The Suburban Housewife

“The Husband,” spent his life in the [________] industry, and she’s spent hers being mommy. Now that the kids are out of the house, or at least driving, she can take her life back and be the writer she wanted to be back in her twenties. Or at least find something to do with her time. She writes a lot about her husband and her teenagers. If she’s got grandkids, she writes about those too. She dresses in Coldwater Creek and her wrists clang with sterling silver bangles.

If she has been in this stage for four or more years, she has self-published a novel and sells it online and from the trunk of her car. She occasionally does book signings at the local bookstores, and they have a few autographed copies still on the shelf. She is the success story of the group, and everyone listens to her because she has been “through it.” If she is over fifty, she is one of the writer’s group leaders, or has organized the conference.

The Moonlighter

Usually a professional male, the moonlighter is sophisticated and mature. He may be the primary breadwinner of a family, or he may be single. But, he is educated, smart and successful. His life is about his career, but he’s quite a good writer.  Or at least he has a good idea for a book. The moonlighter knows about managing and investing time. So, he writes quite consistently on the side. He may have some sort of rule for himself—thirty minutes or five pages per day. He has a book that has been gaining momentum, maybe some sort of spy, adventure novel, or perhaps a non-fiction book related to his career, hobby, or an experience. He’s about halfway done, and so now he’s been evaluating publishing options. Maybe in ten years, he thinks, his side writing can make him some money and he can retire early.

He has arrived at the writer’s conference or group to listen to various points of view and learn more about the publishing industry. He’s fairly open to hearing what other people are doing and takes lots of notes. He has Googled quite a bit before he came and has already prepared pages of useless notes that he will refer to and drive everyone crazy with highly-specific or off-topic questions.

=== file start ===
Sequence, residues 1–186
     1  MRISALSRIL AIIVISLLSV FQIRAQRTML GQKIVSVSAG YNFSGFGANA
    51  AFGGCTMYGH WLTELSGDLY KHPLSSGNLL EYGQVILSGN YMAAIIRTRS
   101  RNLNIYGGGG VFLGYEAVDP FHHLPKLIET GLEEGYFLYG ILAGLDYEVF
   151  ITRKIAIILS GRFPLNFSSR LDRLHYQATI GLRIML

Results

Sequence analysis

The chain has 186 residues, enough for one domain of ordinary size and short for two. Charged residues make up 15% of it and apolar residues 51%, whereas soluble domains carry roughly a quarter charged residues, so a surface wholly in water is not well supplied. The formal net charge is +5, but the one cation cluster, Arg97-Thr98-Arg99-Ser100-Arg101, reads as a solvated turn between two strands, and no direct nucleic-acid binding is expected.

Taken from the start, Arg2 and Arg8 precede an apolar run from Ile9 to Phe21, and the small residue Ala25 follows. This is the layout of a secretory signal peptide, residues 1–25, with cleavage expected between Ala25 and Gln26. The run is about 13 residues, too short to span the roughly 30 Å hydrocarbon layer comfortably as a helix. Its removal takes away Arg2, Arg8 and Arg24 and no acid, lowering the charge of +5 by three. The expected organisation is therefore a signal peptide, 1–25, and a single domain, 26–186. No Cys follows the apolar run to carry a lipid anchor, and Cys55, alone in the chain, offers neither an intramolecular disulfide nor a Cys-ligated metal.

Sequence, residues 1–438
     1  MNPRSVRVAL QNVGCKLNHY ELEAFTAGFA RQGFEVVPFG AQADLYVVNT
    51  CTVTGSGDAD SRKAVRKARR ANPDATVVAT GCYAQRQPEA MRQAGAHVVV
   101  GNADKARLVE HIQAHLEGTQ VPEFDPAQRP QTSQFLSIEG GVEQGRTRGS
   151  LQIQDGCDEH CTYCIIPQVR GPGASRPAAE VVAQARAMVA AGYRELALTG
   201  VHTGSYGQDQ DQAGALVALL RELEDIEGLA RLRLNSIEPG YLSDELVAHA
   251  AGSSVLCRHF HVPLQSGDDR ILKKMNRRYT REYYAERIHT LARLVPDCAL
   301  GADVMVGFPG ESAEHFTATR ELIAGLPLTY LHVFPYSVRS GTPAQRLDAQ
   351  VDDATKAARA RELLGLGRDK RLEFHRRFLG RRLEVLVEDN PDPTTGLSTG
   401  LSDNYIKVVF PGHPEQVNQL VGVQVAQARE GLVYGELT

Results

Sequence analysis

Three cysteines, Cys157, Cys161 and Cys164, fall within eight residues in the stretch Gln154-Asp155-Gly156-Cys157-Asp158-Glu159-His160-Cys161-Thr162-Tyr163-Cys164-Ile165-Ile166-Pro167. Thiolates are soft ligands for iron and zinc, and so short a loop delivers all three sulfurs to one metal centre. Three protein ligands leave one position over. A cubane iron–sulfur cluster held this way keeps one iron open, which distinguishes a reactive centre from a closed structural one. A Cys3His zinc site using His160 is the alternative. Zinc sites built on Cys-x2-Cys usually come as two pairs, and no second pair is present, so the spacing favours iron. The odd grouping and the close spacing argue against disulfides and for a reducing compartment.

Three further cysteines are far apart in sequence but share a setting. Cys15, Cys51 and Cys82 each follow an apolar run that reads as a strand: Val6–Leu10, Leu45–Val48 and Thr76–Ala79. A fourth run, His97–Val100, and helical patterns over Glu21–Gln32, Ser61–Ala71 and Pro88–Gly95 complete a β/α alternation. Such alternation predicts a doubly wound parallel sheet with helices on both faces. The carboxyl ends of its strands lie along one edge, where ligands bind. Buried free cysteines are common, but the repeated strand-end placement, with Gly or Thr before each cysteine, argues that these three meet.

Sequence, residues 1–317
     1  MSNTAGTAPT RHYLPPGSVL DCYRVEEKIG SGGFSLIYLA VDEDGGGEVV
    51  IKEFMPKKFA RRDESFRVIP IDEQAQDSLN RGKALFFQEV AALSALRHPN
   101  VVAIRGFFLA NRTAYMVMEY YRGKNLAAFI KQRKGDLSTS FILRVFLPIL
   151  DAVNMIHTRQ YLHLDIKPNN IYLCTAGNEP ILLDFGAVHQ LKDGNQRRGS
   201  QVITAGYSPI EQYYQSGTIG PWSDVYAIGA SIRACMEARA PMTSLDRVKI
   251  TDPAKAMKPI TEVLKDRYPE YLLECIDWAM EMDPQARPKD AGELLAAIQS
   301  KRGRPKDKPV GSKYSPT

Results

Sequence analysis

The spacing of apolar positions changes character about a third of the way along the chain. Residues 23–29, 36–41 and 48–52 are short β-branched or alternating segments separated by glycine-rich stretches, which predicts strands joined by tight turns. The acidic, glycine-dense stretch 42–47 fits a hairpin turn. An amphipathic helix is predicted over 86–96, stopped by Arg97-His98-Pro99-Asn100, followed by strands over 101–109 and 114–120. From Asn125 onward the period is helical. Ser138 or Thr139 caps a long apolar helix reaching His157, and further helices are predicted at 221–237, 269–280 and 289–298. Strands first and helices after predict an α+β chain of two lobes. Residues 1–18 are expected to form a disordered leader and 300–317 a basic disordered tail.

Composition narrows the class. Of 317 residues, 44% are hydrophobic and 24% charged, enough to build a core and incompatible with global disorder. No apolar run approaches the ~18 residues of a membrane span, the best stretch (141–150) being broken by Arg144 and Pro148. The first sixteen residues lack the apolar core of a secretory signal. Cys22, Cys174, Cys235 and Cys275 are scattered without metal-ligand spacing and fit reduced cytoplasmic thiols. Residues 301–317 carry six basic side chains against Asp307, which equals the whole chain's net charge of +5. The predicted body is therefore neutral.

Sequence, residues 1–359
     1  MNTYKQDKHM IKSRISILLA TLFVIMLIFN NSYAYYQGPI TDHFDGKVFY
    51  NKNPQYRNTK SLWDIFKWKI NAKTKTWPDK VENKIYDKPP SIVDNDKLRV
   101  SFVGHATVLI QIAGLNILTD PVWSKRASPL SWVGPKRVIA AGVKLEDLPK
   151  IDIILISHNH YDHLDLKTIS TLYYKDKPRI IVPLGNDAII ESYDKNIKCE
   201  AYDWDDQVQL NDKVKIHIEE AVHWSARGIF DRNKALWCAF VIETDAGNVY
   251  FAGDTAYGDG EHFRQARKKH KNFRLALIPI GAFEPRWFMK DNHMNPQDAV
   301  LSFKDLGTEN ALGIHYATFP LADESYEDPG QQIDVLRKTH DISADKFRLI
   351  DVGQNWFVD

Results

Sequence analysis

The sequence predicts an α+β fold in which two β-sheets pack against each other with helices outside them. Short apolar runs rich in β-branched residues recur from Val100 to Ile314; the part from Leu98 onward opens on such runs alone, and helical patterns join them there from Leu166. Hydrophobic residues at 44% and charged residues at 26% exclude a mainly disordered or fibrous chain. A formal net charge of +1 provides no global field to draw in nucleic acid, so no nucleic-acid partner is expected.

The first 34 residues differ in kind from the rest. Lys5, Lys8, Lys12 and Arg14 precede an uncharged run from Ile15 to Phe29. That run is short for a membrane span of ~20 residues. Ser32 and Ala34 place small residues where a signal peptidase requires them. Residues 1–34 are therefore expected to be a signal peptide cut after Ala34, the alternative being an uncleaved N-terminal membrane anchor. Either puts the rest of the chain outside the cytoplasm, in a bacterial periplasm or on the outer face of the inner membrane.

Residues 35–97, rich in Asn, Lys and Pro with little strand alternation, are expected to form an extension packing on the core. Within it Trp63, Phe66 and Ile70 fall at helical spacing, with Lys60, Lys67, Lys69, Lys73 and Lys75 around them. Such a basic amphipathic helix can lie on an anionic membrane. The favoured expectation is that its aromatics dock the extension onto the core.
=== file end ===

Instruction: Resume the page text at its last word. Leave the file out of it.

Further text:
The Retiree

Closely related to the Suburban Housewife, the retiree can be either male or female. They are a decorated former professional with volumes of fascinating life experience to share. Military deployment, time spent with celebrities, trips abroad… So, they take to writing to share it. This could be a way to cope with their own mortality, or perhaps close out a volume of life, to begin a new one. Retirees are frequently writing memoirs, or biographies. But, sometimes, they write about their families…grandkids, grown children finding their way in the world…etc.

The Mommy Blogger

She’s buried in diapers, bottles and play-doh. She bargained with her husband to go to the writer’s conference, and it is the first time in a month she has heard her own first name. She excited to have grown-up conversation and is a little bit worried that she may have forgotten how to do it. Blogging has given her an outlet to keep her identity, however, and it has, surprisingly, gotten a lot of traffic. Her husband thought it was just her little project, until he learned about the monetization of blogging. Now, he’s on board. He wants her to go this conference to find out how to make money blogging. Even if she could make enough money to pay the cable bill or something, it would release some pressure off him. She’s feeling a little empowered about the prospect of having her blog as a business. And maybe, she could be like Erma Bombeck or that lady that wrote Cheaper by the Dozen, or something. She will only attend half the sessions, as she will need to be home for dinner.

So, February’s workshop should be an interesting affair, as I try to explain to this motley collection of humans what I have been doing for the last six months.

“So, I work for this…arts company, and we travel the world dancing and I live in this church. Well, not because I’m homeless or anything. Well, I am broke, but I have enough money and stuff. Well, sort of, I could use more. But we live there because we pray for a living, but not in a Robert Tilton scummy evangelist kind of way…although I did go to Oral Roberts school, but I’m not a crazy charismatic, well, not exactly, well, actually I sort of am. But, it’s only because we met this pastor who taught us about exorcism and how he killed the head of the Satanic church with his prayers and this lady who had demons attached to fetishes in her wrist and almost got pulled through the floorboard of a car by demons who were trying to take her to hell. So, yeah. That’s why. I’m not a weirdo or anything….So, uh, did they bring out the croissants yet?”



Leave a Reply

Fill in your details below or click an icon to log in: Logo

You are commenting using your account. Log Out /  Change )

Facebook photo

You are commenting using your Facebook account. Log Out /  Change )

Connecting to %s